Results from M-CHAT study: liver fat associations with physical activity

August 19, 2014

A study recently published by CoHeaRT’s Iris Lesser, Danijela Gasevic, Scott Lear, and others, looked at whether physical activity could predict future liver fat accumulation. Those who are obese or have diabetes, high cholesterol or high triglyceride levels are more at risk of developing excess liver fat. Liver fat is also a risk factor for heart disease.

The authors compared physical activity levels of participants at the beginning of the study and liver fat accumulation at 5-year follow-up. They wanted to see whether the amount and intensity of physical activity in the year prior to the beginning of the study had an influence on liver fat at five year follow-up. Looking at moderate, moderate-vigorous and vigorous physical activity, the authors found that only vigorous physical activity was associated with lowered liver fat accumulation.

Physical activity rates are measured in metabolic equivalents (METs), where 1 MET is equal to metabolic rate at rest. Moderate activity is defined as 3 – 5.9 METs; in practical terms, these are activities such as brisk walking, which generate some sweat and harder breathing. On the other hand, high-intensity activities such as jogging are defined as 6 METs or more.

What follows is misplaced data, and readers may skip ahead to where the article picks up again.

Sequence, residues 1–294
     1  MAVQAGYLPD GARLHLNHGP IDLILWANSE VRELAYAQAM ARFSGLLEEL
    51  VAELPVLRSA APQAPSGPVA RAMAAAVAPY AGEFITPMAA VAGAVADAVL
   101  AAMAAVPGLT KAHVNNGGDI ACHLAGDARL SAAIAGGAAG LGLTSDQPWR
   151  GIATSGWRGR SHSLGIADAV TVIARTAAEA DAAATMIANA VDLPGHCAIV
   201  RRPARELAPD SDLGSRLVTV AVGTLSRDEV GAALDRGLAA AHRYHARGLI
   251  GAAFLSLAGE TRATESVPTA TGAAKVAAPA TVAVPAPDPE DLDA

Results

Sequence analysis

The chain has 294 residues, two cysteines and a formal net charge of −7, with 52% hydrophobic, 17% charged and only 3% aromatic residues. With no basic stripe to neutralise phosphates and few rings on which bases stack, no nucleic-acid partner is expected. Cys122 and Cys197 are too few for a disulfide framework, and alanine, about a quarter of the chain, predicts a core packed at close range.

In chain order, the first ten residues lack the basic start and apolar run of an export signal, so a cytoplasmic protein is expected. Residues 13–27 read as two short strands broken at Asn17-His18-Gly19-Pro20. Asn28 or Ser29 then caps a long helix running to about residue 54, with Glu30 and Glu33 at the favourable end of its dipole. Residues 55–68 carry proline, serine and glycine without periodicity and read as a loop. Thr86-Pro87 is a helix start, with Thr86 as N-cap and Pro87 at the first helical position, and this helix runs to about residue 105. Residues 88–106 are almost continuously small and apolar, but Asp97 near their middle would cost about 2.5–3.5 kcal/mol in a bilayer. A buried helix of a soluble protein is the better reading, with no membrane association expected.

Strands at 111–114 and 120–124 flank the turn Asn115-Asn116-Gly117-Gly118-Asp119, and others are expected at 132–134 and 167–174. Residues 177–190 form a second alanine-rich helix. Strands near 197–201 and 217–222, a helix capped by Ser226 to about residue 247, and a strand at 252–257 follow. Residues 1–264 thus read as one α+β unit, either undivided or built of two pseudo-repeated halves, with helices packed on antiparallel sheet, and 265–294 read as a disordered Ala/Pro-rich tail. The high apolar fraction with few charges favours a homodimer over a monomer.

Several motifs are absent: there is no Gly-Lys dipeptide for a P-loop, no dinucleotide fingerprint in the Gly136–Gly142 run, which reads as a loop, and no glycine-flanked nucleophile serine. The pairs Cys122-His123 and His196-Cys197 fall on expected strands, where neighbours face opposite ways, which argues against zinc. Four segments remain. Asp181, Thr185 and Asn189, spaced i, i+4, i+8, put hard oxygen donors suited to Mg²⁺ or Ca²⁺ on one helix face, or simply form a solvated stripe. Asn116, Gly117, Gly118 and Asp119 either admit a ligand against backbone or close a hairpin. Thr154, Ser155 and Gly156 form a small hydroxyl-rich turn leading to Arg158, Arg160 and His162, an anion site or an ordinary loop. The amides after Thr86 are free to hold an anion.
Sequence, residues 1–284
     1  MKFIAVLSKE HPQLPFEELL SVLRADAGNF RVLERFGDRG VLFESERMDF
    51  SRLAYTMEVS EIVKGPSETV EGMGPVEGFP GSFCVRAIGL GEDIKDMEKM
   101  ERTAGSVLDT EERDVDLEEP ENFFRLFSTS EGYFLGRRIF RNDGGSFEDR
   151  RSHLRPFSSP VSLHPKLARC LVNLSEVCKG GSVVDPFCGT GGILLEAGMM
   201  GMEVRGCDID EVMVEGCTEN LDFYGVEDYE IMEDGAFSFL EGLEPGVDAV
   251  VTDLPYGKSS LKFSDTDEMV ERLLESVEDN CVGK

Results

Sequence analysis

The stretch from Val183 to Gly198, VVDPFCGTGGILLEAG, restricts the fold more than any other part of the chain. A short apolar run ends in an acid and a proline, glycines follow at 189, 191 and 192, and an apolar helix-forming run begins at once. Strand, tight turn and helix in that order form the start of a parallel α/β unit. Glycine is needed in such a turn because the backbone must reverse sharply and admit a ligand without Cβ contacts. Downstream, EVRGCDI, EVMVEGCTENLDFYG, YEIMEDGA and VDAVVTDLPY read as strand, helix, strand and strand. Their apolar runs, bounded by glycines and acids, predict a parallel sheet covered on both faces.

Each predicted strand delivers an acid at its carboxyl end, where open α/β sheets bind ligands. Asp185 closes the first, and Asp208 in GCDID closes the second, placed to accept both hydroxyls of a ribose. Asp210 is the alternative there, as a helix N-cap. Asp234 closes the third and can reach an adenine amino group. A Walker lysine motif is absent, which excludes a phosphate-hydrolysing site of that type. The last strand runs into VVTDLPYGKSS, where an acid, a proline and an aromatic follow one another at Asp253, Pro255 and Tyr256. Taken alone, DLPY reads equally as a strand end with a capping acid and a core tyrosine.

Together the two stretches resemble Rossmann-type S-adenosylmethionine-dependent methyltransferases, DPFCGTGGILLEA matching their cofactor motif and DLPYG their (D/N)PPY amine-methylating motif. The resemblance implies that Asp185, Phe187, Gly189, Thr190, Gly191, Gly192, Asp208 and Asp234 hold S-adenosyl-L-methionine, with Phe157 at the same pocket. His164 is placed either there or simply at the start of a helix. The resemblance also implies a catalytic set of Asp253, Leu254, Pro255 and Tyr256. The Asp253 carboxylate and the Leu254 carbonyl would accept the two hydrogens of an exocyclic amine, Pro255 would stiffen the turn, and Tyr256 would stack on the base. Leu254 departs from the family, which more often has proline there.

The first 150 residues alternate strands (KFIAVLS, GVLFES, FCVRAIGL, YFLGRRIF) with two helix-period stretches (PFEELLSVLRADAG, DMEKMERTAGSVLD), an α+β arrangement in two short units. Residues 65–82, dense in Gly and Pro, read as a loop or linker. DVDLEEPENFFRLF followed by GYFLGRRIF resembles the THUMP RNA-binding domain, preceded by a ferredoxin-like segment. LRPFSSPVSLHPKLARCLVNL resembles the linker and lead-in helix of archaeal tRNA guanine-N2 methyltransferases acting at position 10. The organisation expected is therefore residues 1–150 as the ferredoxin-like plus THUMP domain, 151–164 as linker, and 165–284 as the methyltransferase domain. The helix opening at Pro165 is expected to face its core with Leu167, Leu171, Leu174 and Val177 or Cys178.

Current Canadian physical activity guidelines for adults aged 18 – 64 suggest 150 minutes of moderate to vigorous physical activity per week, in at least 10 minute intervals. Although moderate physical activity has many benefits, this study did not find that moderate activity alone was enough to alter liver fat.

These findings are part of M-CHAT, the Multicultural Community Health Assessment Trial, which examined how body fat distribution differs among ethnicities. Aboriginal, Caucasian, Chinese and South Asian groups were compared.


References

ARTICLE: The association between physical activity and liver fat after five years of follow-up in a primary prevention multi-ethnic cohort

Canadian Physical Activity Guidelines